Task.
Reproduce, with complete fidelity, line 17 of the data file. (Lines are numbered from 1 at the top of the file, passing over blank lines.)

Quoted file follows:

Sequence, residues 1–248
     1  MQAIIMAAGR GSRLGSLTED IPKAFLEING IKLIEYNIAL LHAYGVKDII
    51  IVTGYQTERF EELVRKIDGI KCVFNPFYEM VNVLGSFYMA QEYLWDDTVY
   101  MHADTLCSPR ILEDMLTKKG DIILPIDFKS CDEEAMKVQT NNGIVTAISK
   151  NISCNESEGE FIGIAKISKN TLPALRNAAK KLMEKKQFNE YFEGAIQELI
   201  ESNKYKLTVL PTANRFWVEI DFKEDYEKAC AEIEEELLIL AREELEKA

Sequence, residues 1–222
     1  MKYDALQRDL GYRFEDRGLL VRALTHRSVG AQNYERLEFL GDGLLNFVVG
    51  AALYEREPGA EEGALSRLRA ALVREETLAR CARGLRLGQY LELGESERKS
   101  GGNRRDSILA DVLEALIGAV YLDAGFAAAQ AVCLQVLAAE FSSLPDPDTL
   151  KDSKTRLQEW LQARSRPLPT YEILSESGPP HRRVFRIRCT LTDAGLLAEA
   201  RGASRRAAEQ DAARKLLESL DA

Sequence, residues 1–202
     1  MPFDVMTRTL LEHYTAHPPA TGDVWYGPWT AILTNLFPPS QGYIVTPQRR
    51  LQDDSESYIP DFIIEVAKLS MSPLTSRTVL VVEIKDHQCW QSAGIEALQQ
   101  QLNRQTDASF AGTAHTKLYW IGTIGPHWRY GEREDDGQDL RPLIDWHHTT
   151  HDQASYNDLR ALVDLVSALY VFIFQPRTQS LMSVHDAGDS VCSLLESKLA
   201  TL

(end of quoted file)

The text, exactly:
   151  HDQASYNDLR ALVDLVSALY VFIFQPRTQS LMSVHDAGDS VCSLLESKLA